This article is written specifically for small businesses and therefore doesn’t include all aspects of the legislation that may apply to larger businesses and public entities. No information on this website constitute legal advice.
GDPR is short for the General Data Protection Regulation and it’s a European law about privacy. The law applies if you operate inside of the EEA (the 28 EU member countries + the three EEA countries Norway, Liechtenstein and Iceland), or you (happen to) promote or sell goods/services to people in the EEA.
Notice that I said «people», not citizens, inhabitants or with this or that nationality. As long as the people you target, or happen to target, are geographically inside of the EEA, that’s enough.
That means that if you intend to sell to Americans, but you have an online business and people from all over the world can sign up for your freebies, newsletters etc. and some of these could be from the EEA, then you also need to follow the GDPR.
Further, the law applies to all companies, associations, sports teams, schools and organizations, whether being from the private or public industry, are non-profits, charities or fully commercial businesses.
It doesn’t matter if you have employees or not, target consumers or only companies, sell engines for airplanes or «just run a small blog» - you simply don’t escape this law as long as you process personal data.
GDPR is important because privacy is important. The law is designed to protect you and to keep you (not Facebook or others) in control of your own data.
You might think that it doesn't matter, and you might not be as concerned about your privacy. You may be happy to exchange personal information for free, whether it’s to use an app, get your tenth overnight stay for free or a complimentary chai latte on your birthday. We like to get things for free. There’s nothing wrong with that (I do it myself and I enjoy my coffee app).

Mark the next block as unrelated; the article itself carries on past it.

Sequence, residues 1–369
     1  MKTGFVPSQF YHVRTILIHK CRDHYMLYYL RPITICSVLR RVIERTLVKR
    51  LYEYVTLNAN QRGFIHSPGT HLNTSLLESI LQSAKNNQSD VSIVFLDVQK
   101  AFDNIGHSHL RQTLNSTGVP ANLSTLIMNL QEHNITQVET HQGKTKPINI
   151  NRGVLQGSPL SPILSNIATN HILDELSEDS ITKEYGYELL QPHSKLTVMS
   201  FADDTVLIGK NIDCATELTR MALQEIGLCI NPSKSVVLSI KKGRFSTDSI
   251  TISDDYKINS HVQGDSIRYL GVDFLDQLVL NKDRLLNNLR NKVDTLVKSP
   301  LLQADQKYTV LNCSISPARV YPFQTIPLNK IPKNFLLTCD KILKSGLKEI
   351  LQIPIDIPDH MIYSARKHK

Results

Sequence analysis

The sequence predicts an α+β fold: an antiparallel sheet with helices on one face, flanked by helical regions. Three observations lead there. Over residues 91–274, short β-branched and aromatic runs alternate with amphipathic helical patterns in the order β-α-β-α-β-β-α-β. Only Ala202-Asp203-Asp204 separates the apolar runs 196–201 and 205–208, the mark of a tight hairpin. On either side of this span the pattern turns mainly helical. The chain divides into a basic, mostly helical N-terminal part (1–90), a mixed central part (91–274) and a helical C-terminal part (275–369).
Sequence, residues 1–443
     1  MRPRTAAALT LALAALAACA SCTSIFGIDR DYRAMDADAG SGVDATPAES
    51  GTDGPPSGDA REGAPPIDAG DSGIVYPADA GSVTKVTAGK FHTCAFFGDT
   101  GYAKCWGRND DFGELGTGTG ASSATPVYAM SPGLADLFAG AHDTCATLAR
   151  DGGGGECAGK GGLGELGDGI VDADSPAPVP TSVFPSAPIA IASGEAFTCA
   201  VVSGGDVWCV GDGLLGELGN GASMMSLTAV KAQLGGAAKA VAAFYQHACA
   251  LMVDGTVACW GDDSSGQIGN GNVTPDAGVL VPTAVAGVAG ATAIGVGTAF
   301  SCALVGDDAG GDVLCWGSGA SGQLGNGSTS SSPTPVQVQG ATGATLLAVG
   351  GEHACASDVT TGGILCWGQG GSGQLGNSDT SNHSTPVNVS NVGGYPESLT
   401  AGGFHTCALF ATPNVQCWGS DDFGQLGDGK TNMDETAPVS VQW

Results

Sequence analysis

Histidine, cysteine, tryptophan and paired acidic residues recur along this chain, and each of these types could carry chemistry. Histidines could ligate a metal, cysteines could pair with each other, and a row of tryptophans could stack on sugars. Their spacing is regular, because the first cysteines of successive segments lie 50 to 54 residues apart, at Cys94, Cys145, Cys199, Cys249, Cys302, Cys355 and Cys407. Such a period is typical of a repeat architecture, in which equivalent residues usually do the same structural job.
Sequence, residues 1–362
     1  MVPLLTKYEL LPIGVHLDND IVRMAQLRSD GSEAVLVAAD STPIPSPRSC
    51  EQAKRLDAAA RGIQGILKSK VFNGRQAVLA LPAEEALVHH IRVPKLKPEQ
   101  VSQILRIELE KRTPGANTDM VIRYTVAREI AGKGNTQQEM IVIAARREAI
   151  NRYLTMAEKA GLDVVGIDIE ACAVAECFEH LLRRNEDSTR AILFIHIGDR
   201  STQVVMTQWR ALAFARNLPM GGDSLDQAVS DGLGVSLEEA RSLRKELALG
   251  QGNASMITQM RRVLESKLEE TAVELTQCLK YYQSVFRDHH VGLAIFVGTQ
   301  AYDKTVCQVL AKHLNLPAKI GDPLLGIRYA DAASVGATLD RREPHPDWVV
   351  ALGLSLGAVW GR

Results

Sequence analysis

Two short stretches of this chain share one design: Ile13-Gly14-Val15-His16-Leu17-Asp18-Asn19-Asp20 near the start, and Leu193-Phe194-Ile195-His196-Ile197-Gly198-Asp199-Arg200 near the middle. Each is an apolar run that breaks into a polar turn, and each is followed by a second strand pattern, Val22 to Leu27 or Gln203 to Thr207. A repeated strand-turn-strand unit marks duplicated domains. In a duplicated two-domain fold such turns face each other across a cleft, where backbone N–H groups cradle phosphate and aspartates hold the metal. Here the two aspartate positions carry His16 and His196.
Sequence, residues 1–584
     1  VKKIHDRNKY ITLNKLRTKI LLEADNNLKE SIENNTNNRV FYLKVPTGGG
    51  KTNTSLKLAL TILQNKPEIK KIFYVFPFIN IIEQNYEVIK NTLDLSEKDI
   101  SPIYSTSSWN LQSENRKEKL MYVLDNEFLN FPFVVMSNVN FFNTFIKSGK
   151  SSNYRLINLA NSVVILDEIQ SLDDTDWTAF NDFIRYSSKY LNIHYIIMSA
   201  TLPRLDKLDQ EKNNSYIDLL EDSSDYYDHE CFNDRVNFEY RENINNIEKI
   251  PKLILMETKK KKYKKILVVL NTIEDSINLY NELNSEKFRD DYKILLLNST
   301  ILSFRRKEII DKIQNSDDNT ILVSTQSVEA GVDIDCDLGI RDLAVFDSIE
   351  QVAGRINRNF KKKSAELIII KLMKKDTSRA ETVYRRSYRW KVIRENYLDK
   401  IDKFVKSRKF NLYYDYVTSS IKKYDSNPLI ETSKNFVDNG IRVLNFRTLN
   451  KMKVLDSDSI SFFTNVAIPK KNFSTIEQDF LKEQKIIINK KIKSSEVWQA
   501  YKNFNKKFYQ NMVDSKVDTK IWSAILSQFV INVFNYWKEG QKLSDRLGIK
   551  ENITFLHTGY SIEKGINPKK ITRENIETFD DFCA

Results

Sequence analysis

The problem is when your personal data is misused for financial purposes, or to influence international politics – that have consequences for all of us.
PS: Although you might think that it’s not a big deal how your personal data is processed, you have no right to make that decision for others. As a responsible business owner, you’re obliged to take good care of the personal data of customers, employees and others.
GDPR is not here to make our lives as business owners more difficult. The intention is to help us process personal data in a good way. However, the people writing the law text should have consulted with small business owners before releasing the final document…
My guess is that you haven’t read the law text, nor the guidelines from the national data authorities. And if you have (tried to), you’re still feeling overwhelmed, frustrated and still not sure what to do – in which order – and when it’s actually good enough.
Because the issue with the GDPR is exactly that. The law states many requirements, which data protection authorities reiterate, but few state what’s good enough for a small business.
There is, after all, a (huge) difference between a company of 130 000 employees and global revenue of 1 billion US dollars, and a solopreneur with 50 000 USD in national revenue. Yet, the GDPR doesn’t distinguish between the two.
My guess is that you’re not as excited over GDPR as myself, and you would rather walk without shoes in the rain than reading the actual law. ;) I get it.
Fortunately, I’ve spent around a thousand hours studying and working with GDPR, with a particular focus on simplifying the law for small business owners.
And my sources are exclusively the law text itself, the guidance from the EU Commission and the European Privacy Board (those who wrote the law), the information given from the data authorities in Norway, the UK, Germany and Denmark, and information and training from lawyers that are experts on privacy.
Fortunately, I’m not a lawyer, so I can give you tailormade, practical advice. I (and privacy lawyers too) believe small business owners don’t have to, or should, spend extensive time, money and resources following the law to the letter. Then we might as well close down the business.
Fortunately, I’m here to explain the GDPR to you in a way that makes it easy, not only to understand, but to implement.
And, in short, you need to document all personal data you process, in a particular way, perform risk analysis and enter into legal agreements with all the companies that process personal data on your behalf, such as Dropbox, Google, Kajabi and so on, and also inform all the people you have personal data on, typically in a privacy notice on your website. You also need to have a privacy/GDPR training for your employees, that ideally includes data security guidelines. There are other requirements, but I’d start there.
In the following articles we’ll dive deeper into each area, and I’ll guide you, step-by-step, on everything you should do, in the recommended order.
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